Business Today
Loading...

Coronavirus crisis: All that's bad about a 'Bad Bank'

The creation of a bad bank in its present format can only provide a temporary reprieve, by enabling transfer of a large chunk of NPAs, to make the banks' balance sheet look better

Hari Hara Mishra Last Updated: May 25, 2020 | 14:26 IST
Coronavirus crisis: All that's bad about a 'Bad Bank'
The idea of a bad bank in India first appeared in the government's official document--The Economic Survey of 2016-17

In the last few weeks, there has been a buzz around the creation of a bad bank. It is touted as a panacea for growing non-performing assets (NPAs) in the financial sector. Bad bank as a concept has worked in some countries. But the proposed bad bank in its current structure could at best be a quarantine centre. It is neither the vaccine nor the ventilator for NPAs.  

Each new idea raises some dreams. To illustrate, the Insolvency and Bankruptcy Code (IBC) is a testimony. It was a milestone event, enthused the financial markets like nothing seen before, helped improve India's ranking in ease of doing business, changed DNA of borrowers towards lenders, and redefined banker-borrower equation.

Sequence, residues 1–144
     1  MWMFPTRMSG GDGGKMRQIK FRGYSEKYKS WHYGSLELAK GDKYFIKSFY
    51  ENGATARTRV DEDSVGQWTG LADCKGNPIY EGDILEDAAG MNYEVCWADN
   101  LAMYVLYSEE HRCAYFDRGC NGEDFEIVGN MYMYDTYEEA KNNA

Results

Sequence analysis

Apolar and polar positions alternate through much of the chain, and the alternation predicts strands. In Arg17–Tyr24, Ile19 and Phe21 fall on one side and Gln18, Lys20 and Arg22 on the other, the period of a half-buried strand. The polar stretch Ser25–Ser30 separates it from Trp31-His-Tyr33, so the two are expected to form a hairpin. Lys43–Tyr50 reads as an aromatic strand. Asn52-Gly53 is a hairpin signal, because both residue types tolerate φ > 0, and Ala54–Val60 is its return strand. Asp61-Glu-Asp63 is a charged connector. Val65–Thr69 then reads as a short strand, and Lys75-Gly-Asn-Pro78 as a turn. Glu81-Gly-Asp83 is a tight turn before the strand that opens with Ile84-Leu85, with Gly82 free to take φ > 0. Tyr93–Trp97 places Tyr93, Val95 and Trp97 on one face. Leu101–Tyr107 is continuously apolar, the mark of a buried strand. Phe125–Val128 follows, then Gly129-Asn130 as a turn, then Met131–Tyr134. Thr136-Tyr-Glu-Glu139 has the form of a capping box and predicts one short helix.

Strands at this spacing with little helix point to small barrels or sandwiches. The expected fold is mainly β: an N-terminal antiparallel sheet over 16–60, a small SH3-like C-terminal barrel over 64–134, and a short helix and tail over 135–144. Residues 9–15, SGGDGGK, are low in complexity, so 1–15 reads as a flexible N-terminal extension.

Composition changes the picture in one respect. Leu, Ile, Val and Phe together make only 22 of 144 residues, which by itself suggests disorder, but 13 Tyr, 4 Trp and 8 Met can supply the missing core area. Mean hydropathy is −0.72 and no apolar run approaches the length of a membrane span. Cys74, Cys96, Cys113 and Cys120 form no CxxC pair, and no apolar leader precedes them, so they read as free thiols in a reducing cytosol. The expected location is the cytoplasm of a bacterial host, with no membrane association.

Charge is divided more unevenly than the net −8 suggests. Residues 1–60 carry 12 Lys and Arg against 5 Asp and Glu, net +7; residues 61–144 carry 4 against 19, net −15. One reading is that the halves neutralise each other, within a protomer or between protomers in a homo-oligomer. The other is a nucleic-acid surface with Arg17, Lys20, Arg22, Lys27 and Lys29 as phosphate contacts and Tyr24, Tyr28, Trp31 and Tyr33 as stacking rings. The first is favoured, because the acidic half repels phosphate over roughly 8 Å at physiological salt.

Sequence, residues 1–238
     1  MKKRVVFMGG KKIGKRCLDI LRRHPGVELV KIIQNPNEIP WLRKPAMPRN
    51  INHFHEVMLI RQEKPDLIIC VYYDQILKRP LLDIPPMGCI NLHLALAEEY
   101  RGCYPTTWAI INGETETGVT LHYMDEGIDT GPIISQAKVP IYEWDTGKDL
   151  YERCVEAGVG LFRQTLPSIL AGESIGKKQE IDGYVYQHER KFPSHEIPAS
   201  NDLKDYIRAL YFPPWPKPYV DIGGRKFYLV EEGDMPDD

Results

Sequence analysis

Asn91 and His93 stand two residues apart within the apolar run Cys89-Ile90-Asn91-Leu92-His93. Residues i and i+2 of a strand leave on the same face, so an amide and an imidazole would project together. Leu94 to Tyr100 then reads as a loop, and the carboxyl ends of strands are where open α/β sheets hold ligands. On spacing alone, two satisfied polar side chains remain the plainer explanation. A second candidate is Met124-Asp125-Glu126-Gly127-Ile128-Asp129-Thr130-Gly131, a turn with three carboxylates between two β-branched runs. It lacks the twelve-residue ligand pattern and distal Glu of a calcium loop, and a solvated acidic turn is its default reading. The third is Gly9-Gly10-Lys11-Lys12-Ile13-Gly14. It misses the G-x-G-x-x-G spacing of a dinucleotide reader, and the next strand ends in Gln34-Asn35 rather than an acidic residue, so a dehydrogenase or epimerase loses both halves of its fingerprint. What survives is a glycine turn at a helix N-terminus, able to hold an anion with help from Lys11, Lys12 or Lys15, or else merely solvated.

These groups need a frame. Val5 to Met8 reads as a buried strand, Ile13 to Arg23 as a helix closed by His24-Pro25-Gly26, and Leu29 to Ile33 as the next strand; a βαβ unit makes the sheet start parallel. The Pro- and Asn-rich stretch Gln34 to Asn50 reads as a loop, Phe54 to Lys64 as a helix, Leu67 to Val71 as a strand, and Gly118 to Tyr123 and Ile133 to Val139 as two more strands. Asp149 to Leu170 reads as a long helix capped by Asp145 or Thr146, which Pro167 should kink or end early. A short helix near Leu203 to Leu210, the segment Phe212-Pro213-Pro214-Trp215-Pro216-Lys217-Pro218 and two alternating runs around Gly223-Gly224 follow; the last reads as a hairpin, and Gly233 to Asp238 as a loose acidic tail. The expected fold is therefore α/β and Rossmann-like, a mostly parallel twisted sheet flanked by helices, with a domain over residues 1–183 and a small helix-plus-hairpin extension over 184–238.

IBC is also credited with many high-profile successes. However, with lack of investor interest and four out of five IBC accounts heading for liquidation, the process has led to massive value destruction. Reference to IBC is suspended for one year in view of the current coronavirus pandemic.

The idea of a bad bank in India first appeared in the government's official document--The Economic Survey of 2016-17. It examined the problem of Public Sector Banks' NPAs, the options available with them for resolution, their limitations and suggested creation of Public Sector Rehabilitation Agency (PARA) - the genesis of discussion around 'bad bank' in recent years.